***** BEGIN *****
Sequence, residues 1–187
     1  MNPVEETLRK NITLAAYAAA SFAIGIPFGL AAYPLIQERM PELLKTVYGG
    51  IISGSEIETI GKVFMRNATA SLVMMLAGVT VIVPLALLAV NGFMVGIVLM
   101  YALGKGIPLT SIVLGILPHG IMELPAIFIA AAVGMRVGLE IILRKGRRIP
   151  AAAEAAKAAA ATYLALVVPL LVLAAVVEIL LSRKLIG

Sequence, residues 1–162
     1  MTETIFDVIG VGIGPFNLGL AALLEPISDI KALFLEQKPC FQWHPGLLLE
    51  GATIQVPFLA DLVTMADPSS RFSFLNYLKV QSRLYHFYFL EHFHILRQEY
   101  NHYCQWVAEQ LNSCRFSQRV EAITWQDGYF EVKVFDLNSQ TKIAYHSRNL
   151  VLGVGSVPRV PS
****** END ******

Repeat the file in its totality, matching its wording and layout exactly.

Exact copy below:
Sequence, residues 1–187
     1  MNPVEETLRK NITLAAYAAA SFAIGIPFGL AAYPLIQERM PELLKTVYGG
    51  IISGSEIETI GKVFMRNATA SLVMMLAGVT VIVPLALLAV NGFMVGIVLM
   101  YALGKGIPLT SIVLGILPHG IMELPAIFIA AAVGMRVGLE IILRKGRRIP
   151  AAAEAAKAAA ATYLALVVPL LVLAAVVEIL LSRKLIG

Sequence, residues 1–162
     1  MTETIFDVIG VGIGPFNLGL AALLEPISDI KALFLEQKPC FQWHPGLLLE
    51  GATIQVPFLA DLVTMADPSS RFSFLNYLKV QSRLYHFYFL EHFHILRQEY
   101  NHYCQWVAEQ LNSCRFSQRV EAITWQDGYF EVKVFDLNSQ TKIAYHSRNL
   151  VLGVGSVPRV PS